Introduction

With the EU General Data Protection Regulation (GDPR) (2016/679) set to enter into force, data protection has become a hot topic for businesses throughout the European Union. Companies and enterprises operating in EU member states have made significant efforts to ascertain whether their data processing activities comply with the GDPR and identify areas that need to be revised to ensure compliance.

One area in which all businesses – regardless of their size – handle personal data is employment, as all businesses with employees must process their employees' personal data. Unsurprisingly, organisations with legal entities and employees in several EU member states often try to centralise their human resources (HR) functions to some extent, which occasionally requires them to share employee and HR data within their group.

As general awareness around personal data protection increases, several companies have faced problems with regard to intragroup transfers of employee and HR data. Although existing Hungarian law provides a stable legal environment with clear rules for employers as data processors, there is a general feeling of uncertainty around this topic, which is partly due to the upcoming changes to the legal framework.

This update provides a brief review of the existing Hungarian legal framework governing HR data transfers and the possible future changes following the GDPR's implementation.

Employee and HR data

To assess the legality of intragroup transfers of employee and HR data, it is important to define these concepts and clarify the extent to which they involve the handling of personal data. Under the existing EU Data Protection Directive (95/46/EC) and the relevant Hungarian law (the Information Act), 'personal data' means "information relating to a natural person that can be identified directly or indirectly, in particular by reference to an identification number or to one or more factors specific to his… identity".

'HR-related data' is a broader concept; it can involve data on the age, qualification and remuneration of a company's staff or certain larger employee groups. Such data – if appropriately collected and anonymised – does not qualify as personal data and therefore does not require the same level of legal protection.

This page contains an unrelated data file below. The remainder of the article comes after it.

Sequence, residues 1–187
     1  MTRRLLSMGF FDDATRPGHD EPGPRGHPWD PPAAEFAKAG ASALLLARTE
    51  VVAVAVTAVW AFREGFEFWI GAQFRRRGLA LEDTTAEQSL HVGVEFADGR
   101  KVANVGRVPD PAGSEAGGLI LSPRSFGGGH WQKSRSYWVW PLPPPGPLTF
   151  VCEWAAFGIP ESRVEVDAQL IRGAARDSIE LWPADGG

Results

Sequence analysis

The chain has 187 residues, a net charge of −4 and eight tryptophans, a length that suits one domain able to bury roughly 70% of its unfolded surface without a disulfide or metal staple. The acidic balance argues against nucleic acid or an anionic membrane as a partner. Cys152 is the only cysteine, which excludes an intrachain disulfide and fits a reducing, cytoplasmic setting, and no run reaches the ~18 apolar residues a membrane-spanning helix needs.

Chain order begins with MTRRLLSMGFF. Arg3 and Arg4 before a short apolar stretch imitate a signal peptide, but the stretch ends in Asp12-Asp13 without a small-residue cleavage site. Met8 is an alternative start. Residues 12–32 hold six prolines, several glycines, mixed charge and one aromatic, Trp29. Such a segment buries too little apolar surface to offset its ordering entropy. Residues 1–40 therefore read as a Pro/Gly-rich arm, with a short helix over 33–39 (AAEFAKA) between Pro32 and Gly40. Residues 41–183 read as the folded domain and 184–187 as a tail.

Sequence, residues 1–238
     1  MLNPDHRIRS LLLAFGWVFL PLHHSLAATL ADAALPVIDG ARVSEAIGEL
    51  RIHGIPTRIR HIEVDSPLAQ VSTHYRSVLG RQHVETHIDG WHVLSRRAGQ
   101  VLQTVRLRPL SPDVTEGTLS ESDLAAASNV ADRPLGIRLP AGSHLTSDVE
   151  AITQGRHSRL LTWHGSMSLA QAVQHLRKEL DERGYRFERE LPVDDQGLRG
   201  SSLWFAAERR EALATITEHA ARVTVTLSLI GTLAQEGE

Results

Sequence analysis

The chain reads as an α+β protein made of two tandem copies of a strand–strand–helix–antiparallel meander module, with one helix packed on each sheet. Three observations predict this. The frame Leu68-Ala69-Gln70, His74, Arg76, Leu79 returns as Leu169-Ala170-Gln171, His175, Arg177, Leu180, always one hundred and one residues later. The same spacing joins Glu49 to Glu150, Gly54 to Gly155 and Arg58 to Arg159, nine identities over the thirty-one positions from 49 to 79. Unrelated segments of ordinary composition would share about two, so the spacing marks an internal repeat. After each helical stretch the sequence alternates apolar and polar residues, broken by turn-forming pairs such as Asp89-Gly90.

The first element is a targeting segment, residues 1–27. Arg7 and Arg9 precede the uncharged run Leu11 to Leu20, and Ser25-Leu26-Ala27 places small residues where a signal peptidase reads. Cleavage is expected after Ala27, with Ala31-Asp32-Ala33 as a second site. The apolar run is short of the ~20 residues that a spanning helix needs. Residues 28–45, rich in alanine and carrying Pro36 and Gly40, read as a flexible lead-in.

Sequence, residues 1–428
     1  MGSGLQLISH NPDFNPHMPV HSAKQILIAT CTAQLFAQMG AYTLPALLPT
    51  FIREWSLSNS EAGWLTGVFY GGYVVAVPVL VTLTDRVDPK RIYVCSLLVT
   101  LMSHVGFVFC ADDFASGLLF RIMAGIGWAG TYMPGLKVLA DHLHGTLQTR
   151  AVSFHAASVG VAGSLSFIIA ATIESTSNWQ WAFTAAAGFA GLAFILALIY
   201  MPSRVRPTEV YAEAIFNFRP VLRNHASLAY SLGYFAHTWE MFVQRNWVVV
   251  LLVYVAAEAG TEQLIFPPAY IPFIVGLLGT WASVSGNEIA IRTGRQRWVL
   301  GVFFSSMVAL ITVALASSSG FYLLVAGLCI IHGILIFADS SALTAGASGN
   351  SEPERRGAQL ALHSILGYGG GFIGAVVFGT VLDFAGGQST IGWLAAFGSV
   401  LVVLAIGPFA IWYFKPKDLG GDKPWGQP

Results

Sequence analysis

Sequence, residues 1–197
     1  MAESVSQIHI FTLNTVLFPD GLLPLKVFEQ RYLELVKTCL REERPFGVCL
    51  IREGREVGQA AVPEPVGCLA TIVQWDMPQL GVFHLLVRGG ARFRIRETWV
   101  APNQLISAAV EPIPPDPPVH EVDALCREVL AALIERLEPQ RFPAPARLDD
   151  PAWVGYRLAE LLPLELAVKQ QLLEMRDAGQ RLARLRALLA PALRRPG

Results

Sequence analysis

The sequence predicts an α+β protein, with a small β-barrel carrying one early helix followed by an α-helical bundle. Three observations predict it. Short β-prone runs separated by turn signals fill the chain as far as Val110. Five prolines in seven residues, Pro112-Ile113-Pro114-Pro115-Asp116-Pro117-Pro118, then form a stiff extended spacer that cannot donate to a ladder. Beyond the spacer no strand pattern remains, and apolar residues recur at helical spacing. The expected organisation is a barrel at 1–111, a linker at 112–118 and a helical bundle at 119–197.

Conversely, 'employee data' usually means data pertaining to an identifiable employee with regard to his or her remuneration, performance, age or health, among other things. Therefore, such data may be processed only if the preconditions for processing prescribed by law are fulfilled.

The difference between the above concepts is reflected in the Labour Code, which provides that employers are permitted to disclose facts, data and opinion concerning an employee (ie, employee data) to third persons only:

  • in cases specified by law; or
  • with the employee's consent.

However, the Labour Code sets out that data pertaining to employees may be used without their consent for statistical purposes and may be disclosed for statistical use in a manner that precludes the identification of the employees to whom it pertains (ie, HR data).

In conclusion, intragroup transfers of HR data do not require employee consent if the data is statistical in nature and no individual employee can be identified from it. However, employees may need to act cautiously when anonymising data, because as soon as the connection between the data and the data subject can be restored (eg, by looking at two parallel databases), employee consent could be required for the intragroup transfer.

Notably, in accordance with the Information Act, an intragroup data transfer is fulfilled if personal data is made accessible to other entities within the group, even without an actual physical transfer of the data. Such transfer could, in principle, be performed only with the employee's consent.

Grounds for processing data – employee consent

Hungarian employers' data processing activities must generally comply with both the Information Act and the Labour Code.

Under the Information Act, personal data can be processed where: